A few weeks later, I couldn’t reach him on the phone. I found out he’d gotten the call in the middle of the night, had his transplant and it was successful. The next time I saw him, he had surgical staples in his torso, in what would eventually be a scar down his sternum and around the ribcage that looked just like a Mercedes logo (only the best for you, babe, he would say).
And things were better. He had more energy. His jaundice cleared up and his eyes were blue and white again. He went on a ski trip. We went to the beach. We met each other’s families. We settled into the rhythms of a life together.
Soon, however, we found out his body was rejecting the transplant. He was tired and listless again, and the jaundice came back. Greg’s father donated a piece of his own liver to his son. His dad’s liver regenerated, and Greg’s piece did too. But Greg never really seemed to bounce back from the surgery.
The Monday morning before 9/11, I left Greg’s apartment in Hoboken for mine in Manhattan, and I walked through the lobby of the World Trade Center on my way between the PATH train and the subway, marveling at how pretty it was. The next day, it was all gone. I couldn’t get in touch with Greg for hours, and when I finally did, I cried that I couldn’t get to him because no trains were running and all I wanted to do was hug him. He had seen the whole thing from his office window in Jersey City. He said we are lucky, we still have each other. I’ll be here when you get here. Don’t sweat the small stuff.
On New Year’s Eve 2001, while I was making mushroom risotto and preparing to turn on Dick Clark, Greg told me he needed to go into the hospital. I visited him there every day for six weeks. He never returned home. One night he got teary and called me “my Lela” and told me he was proud of me. A day later he was in intensive care, in isolation, on a ventilator, unable to speak.
I got a call at work on February 25, 2002, that I needed to get uptown to the hospital as quickly as I could. I paid a cabbie extra to go through red lights. We removed his life support that night.
Probably the most disconcerting thing about Greg’s death was how fast I was expected to recover from it. When you are a 25-year-old not-really-a-widow, because, after all, he was “just a boyfriend,” you hear often that you are Young! And Still In Possession of Your Looks! That You’ll Find Someone Else! I wanted to tell all these well-meaning people that Greg got new livers, but someone forgot to put my heart back in. I didn’t take any time to work through my grief. I didn’t think I could. I went back to work a week after he died and just a few days after we buried him. I wanted to forget the bad at the end, and was simultaneously terrified I would forget how great the rest was.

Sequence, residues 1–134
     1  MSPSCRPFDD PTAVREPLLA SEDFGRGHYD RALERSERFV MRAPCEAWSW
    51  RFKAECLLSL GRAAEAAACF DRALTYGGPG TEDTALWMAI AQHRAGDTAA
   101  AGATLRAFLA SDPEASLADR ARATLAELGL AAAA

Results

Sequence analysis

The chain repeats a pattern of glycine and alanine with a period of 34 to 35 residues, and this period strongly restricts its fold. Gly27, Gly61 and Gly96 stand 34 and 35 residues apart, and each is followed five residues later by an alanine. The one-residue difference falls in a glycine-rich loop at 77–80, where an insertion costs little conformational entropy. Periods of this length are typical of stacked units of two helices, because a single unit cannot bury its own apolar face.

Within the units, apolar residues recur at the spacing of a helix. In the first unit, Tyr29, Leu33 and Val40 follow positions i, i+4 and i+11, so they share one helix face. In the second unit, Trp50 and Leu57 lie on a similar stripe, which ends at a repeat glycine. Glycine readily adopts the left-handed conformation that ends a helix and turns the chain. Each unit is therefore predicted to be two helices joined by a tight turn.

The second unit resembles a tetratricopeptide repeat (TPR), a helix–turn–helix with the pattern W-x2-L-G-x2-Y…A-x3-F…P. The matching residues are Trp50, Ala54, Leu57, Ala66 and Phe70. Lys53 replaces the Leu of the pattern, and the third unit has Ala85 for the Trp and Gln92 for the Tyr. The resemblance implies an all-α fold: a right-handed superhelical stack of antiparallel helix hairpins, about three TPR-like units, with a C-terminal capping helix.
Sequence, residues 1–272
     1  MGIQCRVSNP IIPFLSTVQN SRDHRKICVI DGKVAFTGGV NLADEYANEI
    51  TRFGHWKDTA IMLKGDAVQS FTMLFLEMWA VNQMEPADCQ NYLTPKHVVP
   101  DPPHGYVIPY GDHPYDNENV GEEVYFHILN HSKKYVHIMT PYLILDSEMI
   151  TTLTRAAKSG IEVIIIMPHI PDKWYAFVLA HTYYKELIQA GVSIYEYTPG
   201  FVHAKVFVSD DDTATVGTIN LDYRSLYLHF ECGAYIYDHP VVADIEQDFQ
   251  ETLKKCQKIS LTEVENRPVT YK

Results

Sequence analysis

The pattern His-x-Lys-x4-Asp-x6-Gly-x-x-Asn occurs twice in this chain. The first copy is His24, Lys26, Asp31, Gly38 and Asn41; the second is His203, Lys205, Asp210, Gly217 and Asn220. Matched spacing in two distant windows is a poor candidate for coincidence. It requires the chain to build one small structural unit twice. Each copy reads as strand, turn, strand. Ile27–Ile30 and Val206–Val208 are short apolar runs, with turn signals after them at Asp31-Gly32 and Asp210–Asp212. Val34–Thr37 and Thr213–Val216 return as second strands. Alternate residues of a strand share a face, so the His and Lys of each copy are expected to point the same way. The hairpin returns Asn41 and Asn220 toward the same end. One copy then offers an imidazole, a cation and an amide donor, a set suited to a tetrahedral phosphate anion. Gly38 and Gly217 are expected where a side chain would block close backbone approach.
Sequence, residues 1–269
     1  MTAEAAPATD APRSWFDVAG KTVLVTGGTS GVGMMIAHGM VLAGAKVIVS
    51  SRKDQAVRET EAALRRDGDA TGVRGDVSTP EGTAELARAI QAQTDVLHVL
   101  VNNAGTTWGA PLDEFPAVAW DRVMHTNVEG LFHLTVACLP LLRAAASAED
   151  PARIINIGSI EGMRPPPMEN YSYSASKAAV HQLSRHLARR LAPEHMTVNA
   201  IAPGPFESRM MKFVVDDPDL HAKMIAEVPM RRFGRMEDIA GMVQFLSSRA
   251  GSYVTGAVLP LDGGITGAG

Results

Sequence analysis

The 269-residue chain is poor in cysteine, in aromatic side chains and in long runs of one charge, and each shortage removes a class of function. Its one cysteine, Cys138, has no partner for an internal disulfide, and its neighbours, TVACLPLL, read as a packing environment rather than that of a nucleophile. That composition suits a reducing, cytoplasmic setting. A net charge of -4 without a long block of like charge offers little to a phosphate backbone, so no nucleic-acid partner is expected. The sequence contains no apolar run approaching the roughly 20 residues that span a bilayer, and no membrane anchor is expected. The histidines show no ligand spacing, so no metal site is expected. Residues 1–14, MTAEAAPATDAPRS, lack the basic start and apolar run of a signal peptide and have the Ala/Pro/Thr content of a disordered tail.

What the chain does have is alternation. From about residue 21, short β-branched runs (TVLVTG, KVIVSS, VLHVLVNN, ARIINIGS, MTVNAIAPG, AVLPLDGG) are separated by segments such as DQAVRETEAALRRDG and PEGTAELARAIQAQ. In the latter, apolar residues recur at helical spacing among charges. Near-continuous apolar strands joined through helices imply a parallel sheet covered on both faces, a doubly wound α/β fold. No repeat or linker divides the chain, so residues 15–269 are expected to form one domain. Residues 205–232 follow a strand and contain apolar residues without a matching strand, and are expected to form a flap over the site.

Then I found out he knew me better than I ever could have imagined -- he willed me money to pay my grad-school tuition. I had filled out the applications as he got sicker during the fall before he died. We compared the merits of various programs over our beloved Sunday football games. I mailed the applications out three days after Greg went into the hospital, never imagining that he wouldn’t be there when I got the fat envelope. Two weeks after he died, I received my acceptance letter. I picked up the phone to call him before remembering no one was on the other end. “Look!” I yelled into my empty, empty apartment. “We did it!” I finally felt the pride in myself that he said he felt for me the last time he spoke to me.
Greg and I didn’t have a lot of time. We were together for three years, and he’s been gone nearly 10. I have spent more than three times as long without him as I did with him. I grew up a lot. I cut off my hair. I have a good job, in no small part thanks to that grad program. I have wonderful friends. I still think about him every day, whether hearing him say “Don’t sweat the small stuff” when I’m dithering over some issue at work, or eyeing the bodega cooler and wondering who the hell still drinks Mountain Dew Code Red.
For a long time, I felt like I existed in a sort of parallel universe, waiting for him to come back. Only in the last year have I started to feel like I’m really living for myself again. Sometimes I worry that I’m too different, that he wouldn’t be in love with me if he saw me now.
Then I think, I’m different because he loved me.